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Hearing aid batteries - How good are rechargeables

Reading Time: 5 minutes
"by " Albert Stein
11/23/2017

Most of the devices we use on a daily basis are now rechargeable. We are used to phones that need charging each day. We plug in cameras, music players, watches, cars, and bikes. Charging up our devices is second nature to us now.

Hearing aids have been an exception for a long time, due to the difficulty of making small rechargeable batteries that hold sufficient charge. But the world of hearing instruments is changing fast, and some ranges are now rechargeable.

Now, the questions on everyone’s lips are:
Are rechargeable hearing aids really worth it? What are the advantages and disadvantages of disposable battery-powered hearing aids?

Batteries that fit hearing aids are universal and can be found almost everywhere in the world. There are four battery sizes: 10, 13, 312 and 675.

You can find all types of hearing aid batteries on our website .

How long do hearing aid batteries last?

Most people change their hearing aid batteries every one or two weeks.

However, the lifetime of your hearing aid batteries depends on how you use them. If you use your hearing aids with a hands-free kit or another accessory, the batteries will need replacing more quickly. This is just like a smartphone uses up more battery power when it uses Bluetooth®.

If you run out of power, you won’t be able to hear, so it’s a good idea to carry some spare batteries with you – especially when you travel.

Since batteries are so small, it can be a challenge to fit new ones. Changing a battery requires first that you open the small battery drawer in the hearing aid, then remove the battery, then remove a small tab from the new battery, then insert the new battery into the hearing aid drawer, and then close it again. Then you need to do the other hearing aid.

It may seem easy at first glance, but can be complicated – especially if you lack dexterity or have Parkinson’s disease. We all get less dexterous as we get older, and we lose sensitivity in our fingers as blood circulates less.

With two hearing aids and changing batteries once per week, you would use 104 batteries over a year.

That’s a lot of batteries to throw away. However, they are made with non-polluting (Zinc-air technology) and are mercury-free since the last European standards.

Many batteries are supplied free of charge to hearing aid users, or users can get the price refunded by medical insurance.

Just like a smartphone needs to be plugged in at night, rechargeable hearing aids are normally charged up while you sleep, in a charging dock on your bedside table. It is easy to use them during the day and charge them up at night.

The advantages of rechargeable hearing aids are considerable. You no longer need to change the batteries every week or two, so there is less fiddling around – making them more practical. And because you don’t need to throw so many batteries away, they are more environmentally friendly.

You simply seat the hearing aids in a charging dock at night, and wake up to fully charged hearing aids each morning.

The charging docks are stable and have recesses to hold the hearing aids. A tiny metal contact on the bottom of the hearing aid conducts electricity into the battery. Most people place the dock on their bedside table so they can take their hearing aids off last thing at night, and put them on immediately when they wake up.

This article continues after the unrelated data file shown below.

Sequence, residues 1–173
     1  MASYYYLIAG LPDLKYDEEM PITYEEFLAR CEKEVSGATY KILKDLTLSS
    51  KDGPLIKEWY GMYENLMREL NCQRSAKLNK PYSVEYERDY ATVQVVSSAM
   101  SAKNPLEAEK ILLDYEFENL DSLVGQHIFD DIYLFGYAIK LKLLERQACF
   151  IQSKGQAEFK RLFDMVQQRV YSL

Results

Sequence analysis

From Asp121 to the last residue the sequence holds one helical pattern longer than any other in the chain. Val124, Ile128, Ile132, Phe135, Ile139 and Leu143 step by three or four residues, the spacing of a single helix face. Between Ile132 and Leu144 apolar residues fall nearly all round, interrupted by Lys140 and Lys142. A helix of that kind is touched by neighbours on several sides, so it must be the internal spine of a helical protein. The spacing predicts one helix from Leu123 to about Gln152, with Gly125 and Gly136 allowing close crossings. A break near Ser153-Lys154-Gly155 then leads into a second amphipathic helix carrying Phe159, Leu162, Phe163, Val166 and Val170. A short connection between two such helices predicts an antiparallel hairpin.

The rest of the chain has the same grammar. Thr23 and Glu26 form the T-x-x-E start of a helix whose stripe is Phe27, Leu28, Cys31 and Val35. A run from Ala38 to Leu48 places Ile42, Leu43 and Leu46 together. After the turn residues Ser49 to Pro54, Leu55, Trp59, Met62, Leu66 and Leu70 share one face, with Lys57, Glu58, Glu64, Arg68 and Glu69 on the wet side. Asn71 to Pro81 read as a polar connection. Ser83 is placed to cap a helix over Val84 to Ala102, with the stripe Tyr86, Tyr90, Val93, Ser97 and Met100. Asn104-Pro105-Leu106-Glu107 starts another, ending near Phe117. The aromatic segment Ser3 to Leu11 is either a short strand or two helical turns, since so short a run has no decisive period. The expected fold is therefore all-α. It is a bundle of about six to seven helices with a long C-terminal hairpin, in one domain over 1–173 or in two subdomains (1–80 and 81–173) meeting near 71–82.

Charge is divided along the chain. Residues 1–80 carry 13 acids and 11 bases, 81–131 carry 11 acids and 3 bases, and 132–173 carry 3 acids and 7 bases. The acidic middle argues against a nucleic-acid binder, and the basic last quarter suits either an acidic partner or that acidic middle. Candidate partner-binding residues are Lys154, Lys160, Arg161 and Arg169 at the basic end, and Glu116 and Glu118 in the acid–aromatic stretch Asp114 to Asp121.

Charging docks automatically stop charging hearing aids once the batteries are full, and inform you with a clear indicator light. The charging docks are compact enough to slip into your bag when you are travelling – however, you may need a plug adaptor.

Prices for rechargeable hearing aids are similar to conventional hearing aids, however, you will also need to get a charger, which may not be covered by health insurance or other support.

Depending on which type of rechargeable hearing aid you buy, you may need to buy rechargeable batteries as well.

New rechargeable batteries for hearing aids can be used for more than a year without any decrease in performance. After this time, you may need to replace them.

Rechargeable hearing aid batteries do have some drawbacks. They may not be suitable for all hearing aids or all types of hearing loss. A very significant hearing loss may not be compatible because it requires more amplification, which uses more power. Since rechargeable hearing aid batteries don’t last as long as conventional batteries, higher levels of amplification may drain the batteries too quickly for them to be practical.

These selection criteria are there to help you. The choice really depends on your personal needs and lifestyle.

✓ Practical and easy

✓ Universally available

✓ Flexible (hybrid solution)

✓ Non-polluting

✓ More environmentally friendly

✓ Price

X Price slightly higher

X Regular, fiddly battery handling

X Limited devices available

X Less environmentally friendly


If you have dexterity problems or Parkinson’s disease, rechargeable hearing aids will make your daily life a lot easier.

We offer rechargeable hearing aids, in fact, we offer hybrid hearing aids, which still allow you to use disposable batteries anytime you like, such as if you forget to take your charger travelling or if there’s a power cut during the night. You simply remove the rechargeable batteries and use ordinary batteries until you have your charger again.

Currently, HearingLife offers you the opportunity to test rechargeable Oticon Opn™ hearing aids, which also allow you to hear naturally at 360°.

For more information about rechargeable hearing aids, contact a hearing care expert near you.